You should now get an error in your console instead of the third message:

TypeError: image is undefined; can't access its "src" property

This is because at the time the browser tries to run the third console.log() statement, the fetch() block has not finished running so the image variable has not been given a value.

Active learning: make it all async!

To fix the problematic fetch() example and make the three console.log() statements appear in the desired order, you could make the third console.log() statement run async as well. This can be done by moving it inside another .then() block chained onto the end of the second one, or by simply moving it inside the second then() block. Try fixing this now.

Note: If you get stuck, you can find an answer here (see it running live also). You can also find a lot more information on promises in our Graceful asynchronous programming with Promises guide, later on in the module.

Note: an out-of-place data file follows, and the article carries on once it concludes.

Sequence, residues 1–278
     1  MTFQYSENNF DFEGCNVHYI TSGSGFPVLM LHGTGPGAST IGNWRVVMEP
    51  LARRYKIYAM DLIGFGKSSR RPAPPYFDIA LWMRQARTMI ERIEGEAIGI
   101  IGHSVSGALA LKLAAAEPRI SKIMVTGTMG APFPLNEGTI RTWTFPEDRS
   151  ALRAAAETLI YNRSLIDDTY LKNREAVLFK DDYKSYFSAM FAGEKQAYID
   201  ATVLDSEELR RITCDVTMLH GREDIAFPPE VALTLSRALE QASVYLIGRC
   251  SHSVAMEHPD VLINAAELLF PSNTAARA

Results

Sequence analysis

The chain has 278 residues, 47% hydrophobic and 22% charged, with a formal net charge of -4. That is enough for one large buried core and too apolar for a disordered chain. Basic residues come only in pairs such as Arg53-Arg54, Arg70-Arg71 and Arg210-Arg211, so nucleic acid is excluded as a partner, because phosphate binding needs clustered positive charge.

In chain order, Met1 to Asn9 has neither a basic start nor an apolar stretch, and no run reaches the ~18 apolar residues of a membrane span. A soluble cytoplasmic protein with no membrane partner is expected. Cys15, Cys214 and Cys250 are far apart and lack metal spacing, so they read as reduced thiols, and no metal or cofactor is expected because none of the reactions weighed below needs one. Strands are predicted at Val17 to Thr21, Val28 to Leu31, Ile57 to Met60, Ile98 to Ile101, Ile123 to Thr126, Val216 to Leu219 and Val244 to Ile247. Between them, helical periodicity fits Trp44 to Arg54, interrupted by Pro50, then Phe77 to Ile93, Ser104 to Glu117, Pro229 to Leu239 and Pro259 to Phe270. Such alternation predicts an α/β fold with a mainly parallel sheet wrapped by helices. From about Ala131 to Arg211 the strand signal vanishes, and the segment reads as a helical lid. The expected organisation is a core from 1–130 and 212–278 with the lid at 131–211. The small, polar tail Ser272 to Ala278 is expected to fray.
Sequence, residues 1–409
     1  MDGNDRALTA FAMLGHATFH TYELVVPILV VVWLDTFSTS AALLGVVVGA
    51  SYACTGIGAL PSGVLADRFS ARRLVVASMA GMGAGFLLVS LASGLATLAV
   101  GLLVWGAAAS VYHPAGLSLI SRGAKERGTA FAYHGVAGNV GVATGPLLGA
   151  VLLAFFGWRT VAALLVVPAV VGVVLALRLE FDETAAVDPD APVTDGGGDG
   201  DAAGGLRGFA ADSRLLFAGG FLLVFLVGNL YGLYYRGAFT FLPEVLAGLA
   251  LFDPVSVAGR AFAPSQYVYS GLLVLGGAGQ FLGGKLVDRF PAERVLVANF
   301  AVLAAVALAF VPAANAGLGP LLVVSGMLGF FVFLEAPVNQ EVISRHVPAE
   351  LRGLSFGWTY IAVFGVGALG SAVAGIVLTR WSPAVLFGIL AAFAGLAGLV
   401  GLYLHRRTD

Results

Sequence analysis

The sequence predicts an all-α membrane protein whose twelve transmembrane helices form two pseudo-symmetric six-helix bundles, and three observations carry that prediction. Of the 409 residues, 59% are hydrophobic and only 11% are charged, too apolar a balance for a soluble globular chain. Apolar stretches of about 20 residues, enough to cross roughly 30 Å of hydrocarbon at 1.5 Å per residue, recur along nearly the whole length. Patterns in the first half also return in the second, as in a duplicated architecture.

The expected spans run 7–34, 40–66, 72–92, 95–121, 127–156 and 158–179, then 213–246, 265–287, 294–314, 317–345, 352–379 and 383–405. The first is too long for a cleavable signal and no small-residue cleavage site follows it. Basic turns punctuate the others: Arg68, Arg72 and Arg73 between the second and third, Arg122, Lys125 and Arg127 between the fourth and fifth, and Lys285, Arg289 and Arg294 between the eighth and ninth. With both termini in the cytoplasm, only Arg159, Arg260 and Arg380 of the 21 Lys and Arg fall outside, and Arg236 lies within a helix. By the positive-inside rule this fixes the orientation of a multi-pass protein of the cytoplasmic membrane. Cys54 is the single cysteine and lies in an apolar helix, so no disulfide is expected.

Conclusion

In its most basic form, JavaScript is a synchronous, blocking, single-threaded language, in which only one operation can be in progress at a time. But web browsers define functions and APIs that allow us to register functions that should not be executed synchronously, and should instead be invoked asynchronously when some kind of event occurs (the passage of time, the user's interaction with the mouse, or the arrival of data over the network, for example). This means that you can let your code do several things at the same time without stopping or blocking your main thread.

Whether we want to run code synchronously or asynchronously will depend on what we're trying to do.

There are times when we want things to load and happen right away. For example when applying some user-defined styles to a webpage you'll want the styles to be applied as soon as possible.

If we're running an operation that takes time however, like querying a database and using the results to populate templates, it is better to push this off the main thread and complete the task asynchronously. Over time, you'll learn when it makes more sense to choose an asynchronous technique over a synchronous one.

In this module